As I got up this morning, a really heavy band of rain was sweeping its way across the Midlands and according to the weather app. on my phone, we were going to have showers during most of the morning. But before I could even contemplate walking down for the newspaper, we first had the job of getting all of the clocks in the house out back by an hour (as British Summer Time ended at 3.00 this morning) This job is normally straightforward except there are always one or two appliances where I cannot remember from one half year to the next how to adjust the time (for example, our electric cooker) However, I managed to get most of that done having got relatively early and then I cast an eye towards the sky until to see it was raining quite hard. So I jumped into the car (changing its clock en route as well) and went down by car on this occasion. As there was no one else in the shop at this unearthly time on Sunday morning, I chatted for a few minutes with the young man who is regarded as a ‘trustie’ and is left to man the shop on Sunday mornings. When we got home, it was the Andrew Marr show as per usual and then we delayed somewhat, wondering how the weather was going to pan out. As the immediate rain showers seem to have passsed us by and we had alternating periods of bright sunshine followed by a ‘spitting’ rain, we decided to have our walk as usual but made made sure we had all of our wet weather gear on and equipped ourselves with an umbrella. The weather was quite kind to us as we walked down but we decided that we would make for the bandstand (full of Victorian wrought ironwork) and not bother with trying to dry off a wet park bench. As we were drinking our coffee, we were joined by Seasoned World Traveller (one of the park regulars) and we one of typically bizarre conversations (this time, ranging over the characteristics of labrador dogs and the degree of ‘wokeness’ of the Labour front bench) As we made home for lunch, the sun came out and was actually warm on our faces as we walked home- we appreciated this whilst we could because the weather is certainly to get chilier in the next few days ahead. When we got home, we had one of those chicken-in-a-tinfoil-dish type of meals that some supermarkets ofer these days – all you have to do is to snip one or two little holes in the plastic bag in which it comes to allow for the egress of any steam and then give it a final blast in the oven with a big ‘window’ cut in the bag. All of this worked out fine and although our lunch was a little delayed we ate only ‘breast’ between us leaving us with enough chicken left over for the next 3 days or so. Just before lunch, we watched the first half of the women’s rugby match beween England and the New Zealand team (called the ‘Black Ferns” to contrast with the English ‘roses’) England was up 17 points at half time – then we had lunch and immediately afterwards saw the second half in which the England team came out as undisputed victors and with the highest ever margin of victory against the New Zealanders.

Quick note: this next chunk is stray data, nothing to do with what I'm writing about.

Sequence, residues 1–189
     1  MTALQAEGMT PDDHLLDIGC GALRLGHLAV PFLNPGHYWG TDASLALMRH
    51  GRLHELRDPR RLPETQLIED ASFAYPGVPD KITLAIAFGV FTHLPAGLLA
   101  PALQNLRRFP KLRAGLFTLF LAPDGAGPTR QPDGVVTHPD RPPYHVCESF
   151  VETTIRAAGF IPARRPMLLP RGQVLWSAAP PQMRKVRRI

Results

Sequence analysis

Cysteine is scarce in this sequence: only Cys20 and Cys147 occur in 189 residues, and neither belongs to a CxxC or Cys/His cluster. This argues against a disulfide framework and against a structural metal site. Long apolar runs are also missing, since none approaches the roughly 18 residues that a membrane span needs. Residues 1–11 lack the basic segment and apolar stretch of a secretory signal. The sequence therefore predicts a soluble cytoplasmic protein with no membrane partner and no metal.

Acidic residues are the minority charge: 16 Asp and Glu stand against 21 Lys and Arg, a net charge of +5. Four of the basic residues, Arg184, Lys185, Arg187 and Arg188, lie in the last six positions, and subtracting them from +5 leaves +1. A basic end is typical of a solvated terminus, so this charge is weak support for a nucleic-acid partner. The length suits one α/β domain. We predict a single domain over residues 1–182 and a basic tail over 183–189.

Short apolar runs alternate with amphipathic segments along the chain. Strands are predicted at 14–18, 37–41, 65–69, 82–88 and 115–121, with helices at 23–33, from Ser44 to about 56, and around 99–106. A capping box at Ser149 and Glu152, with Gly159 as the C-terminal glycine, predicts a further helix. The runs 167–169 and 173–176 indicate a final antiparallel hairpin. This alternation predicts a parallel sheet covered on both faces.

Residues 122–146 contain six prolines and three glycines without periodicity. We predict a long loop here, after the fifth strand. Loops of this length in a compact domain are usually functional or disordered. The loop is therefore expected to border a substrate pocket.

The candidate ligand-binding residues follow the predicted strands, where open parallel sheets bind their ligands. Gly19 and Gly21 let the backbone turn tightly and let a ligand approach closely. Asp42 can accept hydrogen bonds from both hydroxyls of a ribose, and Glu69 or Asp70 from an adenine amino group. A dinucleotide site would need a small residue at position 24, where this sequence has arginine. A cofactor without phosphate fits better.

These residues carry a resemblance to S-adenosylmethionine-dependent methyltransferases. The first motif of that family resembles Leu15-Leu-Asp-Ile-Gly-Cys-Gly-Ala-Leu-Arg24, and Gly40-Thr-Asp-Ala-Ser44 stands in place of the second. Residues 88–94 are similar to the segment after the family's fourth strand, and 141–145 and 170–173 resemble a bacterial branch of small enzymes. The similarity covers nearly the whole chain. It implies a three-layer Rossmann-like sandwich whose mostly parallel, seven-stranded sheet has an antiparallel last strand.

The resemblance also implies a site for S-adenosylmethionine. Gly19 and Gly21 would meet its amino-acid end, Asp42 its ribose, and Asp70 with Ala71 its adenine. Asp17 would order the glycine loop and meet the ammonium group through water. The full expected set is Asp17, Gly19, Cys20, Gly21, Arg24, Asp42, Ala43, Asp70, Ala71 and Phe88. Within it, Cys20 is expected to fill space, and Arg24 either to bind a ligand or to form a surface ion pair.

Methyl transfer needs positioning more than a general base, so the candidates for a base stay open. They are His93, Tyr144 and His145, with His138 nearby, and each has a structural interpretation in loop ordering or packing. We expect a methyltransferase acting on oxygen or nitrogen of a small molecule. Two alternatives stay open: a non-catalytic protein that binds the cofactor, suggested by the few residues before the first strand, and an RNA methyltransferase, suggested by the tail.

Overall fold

Today is the first day of COP-26 (the Climate Change conference being held in Glasgow) As today is the ‘arrival’ day then nothing much to report at the moment – I suspect that later on tonight, there may be a procedural opening of the conference as various world leaders have journeyed on from the G20 summit in Rome. I must admit to a slight feeling of dismay as China, Russia, probably India and Brazil may all stay away and without commitment from all of these major players, what hope is there for the rest of the world? No doubt, as the conference proceeds for two weeks, there is enough time for negotiations to begin in earnest.
Tonight, seemed to be a pretty ‘naff’ night on the TV so Meg and I thought we would treat ourselves to an opera. Using my Amazon firestick is always an incredibly hit-and-miss affair – however, I managed to locate a copy of Puccini’s ‘La Bohème‘ which is always good entertainment,not to mention a real tear jerker. So at least I have this going in the background as I blog and so far, so good.
The COVID news is still the sorry tale it always was. I think my sentiments have been well expressed by Stephen Griffin, a virologist at the University of Leeds, who says that the disappointing booster uptake is unsurprising given the hesitancy from the government about vaccinating children. But he adds that this decision has made the booster programme increasingly important. ‘We are indeed in dire need of this booster programme, but it is at least partly of our own making as a result of policy. Yet again, it may become a case of too little, too late, despite the availability of fantastic vaccines to help steer the ship.’